pixabay (CC0)

Series: The Science Of Brain Health

Scientists are still developing a better understanding of brain health and maladies from concussions to Alzheimer's disease, but it's clear that all stages of life can have significant consequences for the human body's most complex organ. Brain health plays a role in everyday wellness challenges elderly adults face, and as Wisconsin's overall population ages, research and public-health efforts promoting well-being and quality of life are focusing on issues like degenerative neural diseases and strokes. At the same time, the medical community is becoming more concerned about threats to younger and middle-aged people's brain health, especially when it comes to devastating effects of athletics-related injuries, whether in high-school competitions or professional sports. Whatever the circumstances, the condition of the brain has myriad effects on both physical and mental health.
 
Wisconsin's affinity for alcohol — and the drug's complicated cultural impact on the state — can in many ways be explained by a few straightforward biochemical processes.
Children who suffer abuse or neglect or who live in dysfunctional homes often carry the burdens of these experiences into adulthood. Behavioral health professionals call these ordeals "adverse childhood experiences," or ACEs.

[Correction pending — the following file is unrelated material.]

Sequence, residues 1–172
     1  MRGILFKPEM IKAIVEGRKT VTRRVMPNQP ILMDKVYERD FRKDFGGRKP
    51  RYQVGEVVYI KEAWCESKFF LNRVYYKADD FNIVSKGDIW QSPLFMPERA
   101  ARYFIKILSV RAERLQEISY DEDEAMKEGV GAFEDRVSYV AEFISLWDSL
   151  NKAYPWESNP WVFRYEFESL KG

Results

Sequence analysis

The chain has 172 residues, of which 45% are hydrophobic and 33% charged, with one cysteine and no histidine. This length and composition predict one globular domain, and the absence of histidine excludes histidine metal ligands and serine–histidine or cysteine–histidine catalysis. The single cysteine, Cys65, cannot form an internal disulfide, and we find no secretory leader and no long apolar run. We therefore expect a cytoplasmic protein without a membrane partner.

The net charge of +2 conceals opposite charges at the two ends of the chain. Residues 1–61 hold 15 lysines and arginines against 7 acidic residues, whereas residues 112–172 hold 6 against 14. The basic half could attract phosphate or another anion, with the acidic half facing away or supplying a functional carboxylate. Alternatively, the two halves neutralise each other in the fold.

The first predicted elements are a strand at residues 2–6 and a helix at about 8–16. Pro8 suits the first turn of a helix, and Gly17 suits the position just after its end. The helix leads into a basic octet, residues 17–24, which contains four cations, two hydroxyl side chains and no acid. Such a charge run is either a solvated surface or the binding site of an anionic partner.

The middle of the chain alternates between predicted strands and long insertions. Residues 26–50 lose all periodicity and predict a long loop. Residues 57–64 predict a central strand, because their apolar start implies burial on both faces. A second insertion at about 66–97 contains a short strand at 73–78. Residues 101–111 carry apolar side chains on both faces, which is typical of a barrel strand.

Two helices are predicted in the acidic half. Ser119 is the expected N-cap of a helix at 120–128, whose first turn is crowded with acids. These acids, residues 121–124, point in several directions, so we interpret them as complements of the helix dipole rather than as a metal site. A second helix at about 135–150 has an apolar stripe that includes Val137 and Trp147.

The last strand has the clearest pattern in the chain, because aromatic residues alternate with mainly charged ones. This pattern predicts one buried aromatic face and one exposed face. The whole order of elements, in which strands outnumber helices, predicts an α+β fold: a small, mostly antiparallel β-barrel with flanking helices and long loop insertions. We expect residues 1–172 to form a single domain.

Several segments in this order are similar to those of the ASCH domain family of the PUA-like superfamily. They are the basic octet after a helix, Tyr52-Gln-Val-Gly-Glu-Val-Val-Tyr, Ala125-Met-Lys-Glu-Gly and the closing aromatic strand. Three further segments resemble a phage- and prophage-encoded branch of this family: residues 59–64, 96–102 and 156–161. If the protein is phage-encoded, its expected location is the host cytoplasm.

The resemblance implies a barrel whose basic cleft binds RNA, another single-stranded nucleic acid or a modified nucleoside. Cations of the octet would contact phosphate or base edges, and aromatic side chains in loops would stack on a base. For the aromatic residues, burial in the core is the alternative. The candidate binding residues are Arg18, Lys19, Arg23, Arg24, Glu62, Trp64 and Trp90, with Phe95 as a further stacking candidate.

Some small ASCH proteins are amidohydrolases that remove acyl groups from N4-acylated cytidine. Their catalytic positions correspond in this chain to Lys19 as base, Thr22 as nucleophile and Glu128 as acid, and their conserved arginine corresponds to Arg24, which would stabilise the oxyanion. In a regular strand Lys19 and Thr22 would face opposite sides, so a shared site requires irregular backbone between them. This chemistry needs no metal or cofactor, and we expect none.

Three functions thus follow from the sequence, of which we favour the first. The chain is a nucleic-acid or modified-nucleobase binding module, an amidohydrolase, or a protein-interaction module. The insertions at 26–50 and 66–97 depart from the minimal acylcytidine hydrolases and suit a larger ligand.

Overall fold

A sweeping shift over the past few decades in the practice of behavioral health has come to be known as trauma-informed care, an approach adopted by dozens of counties and tribes in Wisconsin.
UW-Madison student-athletes were diagnosed with 137 concussions from 2014 to 2018, according to records from an ongoing NCAA and U.S. Department of Defense concussion study.
The gridiron is not the only venue where athletics-related concussions can occur — every sport includes some risk of fall or collision that can result in a blow to the head.
Young children inevitably fall as they learn what they can do physically and experiment with their limits. If a fall results in a blow to the head, the child may have sustained a traumatic brain injury.
If a student-athlete is eager to get back on the field after a blow to the head, who is holding them back and how are they held accountable?
The symptoms and causes of strokes can vary widely, but it's always crucial to get victims medical help as quickly as possible.
Despite the universality of sleep, the purpose of this biological imperative remains somewhat shrouded in mystery.
Debra Pyka did not know the true risks of football when she decided to allow her three sons to play youth tackle football.